The decision to suspend Carter was led by the ownership group and team president Suzanne Abair. Petersen indicated that the Dream likely would use the Olympic break to hash out the situation with Carter. After the Dream (6-11) play Friday and Sunday, they won’t return to in-season action until Aug. 15. Dream players are expected to return for a mini-training camp around July 26.
“Building a winning culture means holding ourselves accountable as a team,” co-owner and former Dream guard Renee Montgomery said in a tweet. “As we grow through situations, we will work towards helping our players in all aspects. No need to panic, it’s part of the grind.”
The Dream heads to Connecticut for Friday’s game with nine players on the active roster after Carter’s suspension and Tiffany Hayes’ knee injury. The Dream have handled numerous off-court situations in recent months, including the firing of general manager Chris Sienko, the loss of former coach Nicki Collen to the college ranks and a slew of injuries.
The incident around Carter, however, is the lone major issue within the team’s locker room.
“I was brought up different (sic) in this league,” Williams said in her tweets. “You respect your Vets and Coaches, whether you agree or not. … I never got anybody traded and I don’t plan on it now. I don’t have that much say so, hell I ain’t even been on this team that long. Yall (sic) come up with anything.”
The Dream, if they so choose, can take a number of actions with Carter, if the organization feels the need to move on from the guard drafted with intentions of becoming a franchise cornerstone. Carter has the second-lowest salary on the roster ($69,360), according to Her Hoop Stats. The sum increases in 2022, however, and Carter is under team control until 2023 until hitting restricted free agency after that season. If the Dream were to release Carter, they would suffer a cap hit.
The Dream also could pursue a trade for Carter ahead of the league’s deadline of Aug. 21. Three teams — Dallas, Indiana and Washington — have enough cap space to take on Carter’s contract.
“It’s not ideal, everybody knows that,” Petersen said of Carter’s suspension. “The nine we have will go play. We’ll be able to sort out some stuff over the break. I don’t know if it is a distraction or not.”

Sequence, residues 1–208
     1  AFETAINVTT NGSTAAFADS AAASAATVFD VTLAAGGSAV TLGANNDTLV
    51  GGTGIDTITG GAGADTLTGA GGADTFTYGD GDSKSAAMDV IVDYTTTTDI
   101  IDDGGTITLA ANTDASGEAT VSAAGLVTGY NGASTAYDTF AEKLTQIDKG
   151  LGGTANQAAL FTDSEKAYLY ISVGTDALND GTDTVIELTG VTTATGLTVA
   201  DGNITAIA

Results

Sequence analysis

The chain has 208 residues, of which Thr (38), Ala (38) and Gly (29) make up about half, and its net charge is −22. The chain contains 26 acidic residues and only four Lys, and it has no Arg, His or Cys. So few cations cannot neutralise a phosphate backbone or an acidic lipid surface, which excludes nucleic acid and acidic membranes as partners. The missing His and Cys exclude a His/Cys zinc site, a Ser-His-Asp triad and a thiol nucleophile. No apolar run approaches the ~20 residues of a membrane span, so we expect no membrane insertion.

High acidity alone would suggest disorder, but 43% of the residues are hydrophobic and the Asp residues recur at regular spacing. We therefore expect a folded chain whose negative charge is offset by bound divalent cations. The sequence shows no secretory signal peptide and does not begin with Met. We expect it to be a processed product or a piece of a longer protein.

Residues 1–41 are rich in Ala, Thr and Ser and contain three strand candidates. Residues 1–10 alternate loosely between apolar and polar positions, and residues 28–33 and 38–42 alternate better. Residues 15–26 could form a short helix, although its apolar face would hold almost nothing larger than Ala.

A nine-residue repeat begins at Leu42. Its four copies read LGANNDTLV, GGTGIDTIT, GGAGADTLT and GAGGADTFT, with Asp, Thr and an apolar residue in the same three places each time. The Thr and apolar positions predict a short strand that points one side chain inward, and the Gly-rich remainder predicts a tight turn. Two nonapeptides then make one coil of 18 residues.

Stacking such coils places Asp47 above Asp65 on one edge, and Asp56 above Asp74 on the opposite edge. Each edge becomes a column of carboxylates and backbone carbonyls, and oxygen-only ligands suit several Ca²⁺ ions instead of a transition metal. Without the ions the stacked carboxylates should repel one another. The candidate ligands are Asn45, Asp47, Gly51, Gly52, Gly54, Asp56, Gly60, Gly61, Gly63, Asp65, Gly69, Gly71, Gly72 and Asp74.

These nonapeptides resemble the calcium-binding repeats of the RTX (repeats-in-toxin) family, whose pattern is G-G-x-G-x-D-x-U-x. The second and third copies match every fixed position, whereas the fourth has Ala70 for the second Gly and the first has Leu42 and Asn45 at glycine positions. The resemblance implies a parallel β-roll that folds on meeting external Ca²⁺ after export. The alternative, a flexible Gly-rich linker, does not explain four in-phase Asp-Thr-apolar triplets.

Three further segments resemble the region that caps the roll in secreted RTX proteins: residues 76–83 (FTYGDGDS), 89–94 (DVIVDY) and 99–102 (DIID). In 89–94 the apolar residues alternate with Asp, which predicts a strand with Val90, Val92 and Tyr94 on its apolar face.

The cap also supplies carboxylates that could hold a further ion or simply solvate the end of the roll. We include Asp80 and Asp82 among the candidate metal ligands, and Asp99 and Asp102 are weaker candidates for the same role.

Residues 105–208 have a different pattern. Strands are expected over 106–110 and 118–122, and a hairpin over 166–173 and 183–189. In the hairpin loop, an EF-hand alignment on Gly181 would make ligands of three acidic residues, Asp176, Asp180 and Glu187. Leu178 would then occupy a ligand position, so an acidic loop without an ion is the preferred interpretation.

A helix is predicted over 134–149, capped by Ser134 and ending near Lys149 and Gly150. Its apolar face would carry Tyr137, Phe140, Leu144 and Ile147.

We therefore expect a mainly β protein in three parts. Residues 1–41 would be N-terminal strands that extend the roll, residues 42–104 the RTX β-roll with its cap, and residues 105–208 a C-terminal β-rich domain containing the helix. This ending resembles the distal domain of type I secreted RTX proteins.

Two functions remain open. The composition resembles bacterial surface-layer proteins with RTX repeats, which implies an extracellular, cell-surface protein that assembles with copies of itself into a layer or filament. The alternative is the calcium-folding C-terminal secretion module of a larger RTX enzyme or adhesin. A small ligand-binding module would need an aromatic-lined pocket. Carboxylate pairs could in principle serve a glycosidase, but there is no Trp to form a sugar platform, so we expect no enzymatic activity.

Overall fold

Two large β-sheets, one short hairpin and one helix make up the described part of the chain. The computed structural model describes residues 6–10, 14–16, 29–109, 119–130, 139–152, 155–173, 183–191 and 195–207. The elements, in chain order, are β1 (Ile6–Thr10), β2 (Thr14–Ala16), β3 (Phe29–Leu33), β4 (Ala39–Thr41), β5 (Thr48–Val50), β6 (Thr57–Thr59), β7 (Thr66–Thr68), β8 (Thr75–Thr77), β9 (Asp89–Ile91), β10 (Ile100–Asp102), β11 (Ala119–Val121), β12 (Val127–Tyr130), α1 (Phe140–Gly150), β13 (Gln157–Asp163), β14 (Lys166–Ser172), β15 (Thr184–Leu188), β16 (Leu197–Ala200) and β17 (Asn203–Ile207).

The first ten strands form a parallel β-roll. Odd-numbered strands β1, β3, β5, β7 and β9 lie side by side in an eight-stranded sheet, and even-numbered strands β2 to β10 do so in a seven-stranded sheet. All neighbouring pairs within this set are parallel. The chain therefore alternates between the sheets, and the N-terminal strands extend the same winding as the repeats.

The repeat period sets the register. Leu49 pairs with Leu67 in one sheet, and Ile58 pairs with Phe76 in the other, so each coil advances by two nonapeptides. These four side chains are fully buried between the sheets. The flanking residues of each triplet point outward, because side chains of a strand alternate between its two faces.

In the Dream’s ideal world, the organization would smooth out any locker room-related issues and continue its rebuild with Carter in the fold. She continued to prove her potential as one of the league’s young stars. The fourth overall selection in the 2020 draft, Carter has evolved her game from a volume scorer to a lethal penetrator who creates a tough assignment for WNBA defenders.
Carter, in 11 games played, has an average of 14.2 points per game, which is 22nd-best in the WNBA and third best among Dream scorers. The average includes the early dismissal against Las Vegas and a slight reduction in minutes at Seattle. After returning from the hyperextended elbow, Carter had consecutive breakout games. She combined for 40 points against Minnesota and New York, and made 17 two-point shots; most of which came on drives toward the rim.
Carter is an integral piece to the Dream’s pace, production and offensive versatility. Her usage is 26.3%, which is among the highest marks in the league.
“A lot of scoring (was) missing with her,” veteran guard Odyssey Sims said upon Carter’s return from injury. “She makes us a greater team.”
Now, the Dream have to adjust without two top offensive options — including Hayes — and halt a losing skid that has continued since the end of May and includes nine losses in the past 11 games.
The Dream haven’t had the fortune of their projected rotation since the season began in mid-May. That will continue through the next stretch of games, and the Dream plan to insert Sims into Carter’s starting role. She set a career-high with 13 assists against the Aces, and has emerged with consecutive 20-point scoring performances in Carter’s last absence. Rookie guard Aari McDonald also will see an increased role.
“Each individual player is in charge of themselves,” Petersen said when asked about maintaining team chemistry. “This is professional basketball. If you need a pep talk everyday to come to practice, it’s probably a hard profession. I’ll count on our players being adults and being ready to play.”